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A small unmanned aerial vehicle (sUAV) was used during a barricade incident involving a robbery suspect, demonstrating capabilities in SWAT operations. For the first time, the Los Angeles Police Department’s Metropolitan Division, Special Weapons and Tactics Team (SWAT) utilized the sUAV since the approval of a pilot program.

On January 9th of this year, SWAT officers encountered one of those unique circumstances where officers hoped the use of this tool would allow officers to take a suspect into custody without force. Metropolitan Division police officers who were in the area looking for a suspect in an armed robbery assumed that he was in a locked apartment. Because of the suspect’s refusal to exit and believing he could be armed with a firearm, SWAT was requested to the location.
During the stand-off with the suspect, which lasted approximately nine hours, LAPD’s specialized sUAV pilot (SWAT officer) used the aircraft to find the suspect who was hiding in the second floor.
During that time, SWAT utilized various types of communication strategies, tear gas, and ultimately the sUAV. The aerial vehicle was used after the tear gas was ineffective in flushing out the suspect.
The aerial vehicle was flown outside of the windows of the suspect’s apartment but the suspect was not seen with the sUAV. After several hours, the suspect who had been hiding in the attic space of his apartment, was located and taken into custody by officers, without any further incident.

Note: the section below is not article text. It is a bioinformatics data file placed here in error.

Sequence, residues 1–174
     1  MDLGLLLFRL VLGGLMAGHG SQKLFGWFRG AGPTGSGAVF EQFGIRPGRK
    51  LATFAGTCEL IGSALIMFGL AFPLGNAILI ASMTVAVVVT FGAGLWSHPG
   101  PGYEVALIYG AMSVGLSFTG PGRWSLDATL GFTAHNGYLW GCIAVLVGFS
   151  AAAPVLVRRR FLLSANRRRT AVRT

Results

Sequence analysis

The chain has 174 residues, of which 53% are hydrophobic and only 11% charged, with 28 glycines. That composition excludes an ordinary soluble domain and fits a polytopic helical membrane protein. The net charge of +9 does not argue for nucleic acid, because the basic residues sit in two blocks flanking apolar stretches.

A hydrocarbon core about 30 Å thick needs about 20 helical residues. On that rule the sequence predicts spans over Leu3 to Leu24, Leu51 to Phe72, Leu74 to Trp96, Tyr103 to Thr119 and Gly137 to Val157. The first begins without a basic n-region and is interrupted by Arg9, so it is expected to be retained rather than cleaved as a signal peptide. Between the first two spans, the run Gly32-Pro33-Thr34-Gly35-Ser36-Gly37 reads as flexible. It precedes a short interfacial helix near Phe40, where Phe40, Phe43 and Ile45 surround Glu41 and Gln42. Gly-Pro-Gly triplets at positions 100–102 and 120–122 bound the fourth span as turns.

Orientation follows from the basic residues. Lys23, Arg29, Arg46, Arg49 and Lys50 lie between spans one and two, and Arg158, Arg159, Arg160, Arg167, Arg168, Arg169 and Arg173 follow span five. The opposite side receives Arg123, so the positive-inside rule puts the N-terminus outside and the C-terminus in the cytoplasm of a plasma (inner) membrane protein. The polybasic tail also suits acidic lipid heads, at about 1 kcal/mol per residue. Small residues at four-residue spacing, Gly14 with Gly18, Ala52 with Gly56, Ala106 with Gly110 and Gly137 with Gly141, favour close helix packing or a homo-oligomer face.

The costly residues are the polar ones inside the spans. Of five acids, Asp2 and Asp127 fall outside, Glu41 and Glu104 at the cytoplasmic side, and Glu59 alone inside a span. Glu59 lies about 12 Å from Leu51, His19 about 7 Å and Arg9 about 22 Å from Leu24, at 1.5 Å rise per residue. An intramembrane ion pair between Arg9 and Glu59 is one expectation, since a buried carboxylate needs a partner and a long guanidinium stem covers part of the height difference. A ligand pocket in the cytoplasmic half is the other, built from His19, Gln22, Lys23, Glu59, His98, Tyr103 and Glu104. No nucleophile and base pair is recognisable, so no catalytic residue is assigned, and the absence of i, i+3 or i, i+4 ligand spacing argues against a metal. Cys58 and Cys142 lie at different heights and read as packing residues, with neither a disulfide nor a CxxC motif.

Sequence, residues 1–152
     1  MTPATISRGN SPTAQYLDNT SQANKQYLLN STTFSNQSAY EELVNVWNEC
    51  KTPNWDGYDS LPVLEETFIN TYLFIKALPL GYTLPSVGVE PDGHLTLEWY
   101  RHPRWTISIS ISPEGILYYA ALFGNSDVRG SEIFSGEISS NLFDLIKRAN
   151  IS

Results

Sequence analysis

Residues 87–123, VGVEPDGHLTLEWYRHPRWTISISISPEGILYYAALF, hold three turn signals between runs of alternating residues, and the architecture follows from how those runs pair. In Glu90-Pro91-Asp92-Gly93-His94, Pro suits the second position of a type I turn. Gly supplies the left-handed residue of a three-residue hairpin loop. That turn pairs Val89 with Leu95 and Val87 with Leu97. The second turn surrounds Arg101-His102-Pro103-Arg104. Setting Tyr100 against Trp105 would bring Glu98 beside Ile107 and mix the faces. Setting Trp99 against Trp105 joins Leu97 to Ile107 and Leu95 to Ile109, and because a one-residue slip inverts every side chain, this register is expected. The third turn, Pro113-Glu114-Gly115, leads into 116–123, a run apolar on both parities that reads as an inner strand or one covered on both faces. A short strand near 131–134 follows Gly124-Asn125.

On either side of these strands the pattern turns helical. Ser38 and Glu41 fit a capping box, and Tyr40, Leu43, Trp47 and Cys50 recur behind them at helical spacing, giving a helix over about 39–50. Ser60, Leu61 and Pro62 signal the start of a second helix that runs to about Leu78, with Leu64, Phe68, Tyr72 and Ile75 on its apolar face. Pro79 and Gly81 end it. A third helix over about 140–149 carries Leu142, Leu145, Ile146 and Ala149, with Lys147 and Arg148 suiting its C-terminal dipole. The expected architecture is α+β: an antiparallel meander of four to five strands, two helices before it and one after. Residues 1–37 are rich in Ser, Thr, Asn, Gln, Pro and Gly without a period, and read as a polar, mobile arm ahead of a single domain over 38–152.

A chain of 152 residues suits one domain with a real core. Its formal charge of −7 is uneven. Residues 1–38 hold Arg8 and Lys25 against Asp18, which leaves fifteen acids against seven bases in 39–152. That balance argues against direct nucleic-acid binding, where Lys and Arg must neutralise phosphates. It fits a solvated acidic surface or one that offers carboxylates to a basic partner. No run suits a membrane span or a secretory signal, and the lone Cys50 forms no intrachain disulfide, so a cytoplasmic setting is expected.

During the operation, video footage was captured by the unmanned aerial vehicle. The ability to use such vehicle in certain situations is an important tool for SWAT, and allows officers to gather critical information that can mitigate high risk situations.
The pilot program began in July 2018, allowing the Department to use these devices with the hopes of de-escalating dangerous situations while enhancing commitment to the preservation of life. According to, the sUAV would be used in limited circumstances, under strict guidelines that consider community concerns and privacy interests. For accountability, the device would be used only by a team of officers with specific training, and with prior approval.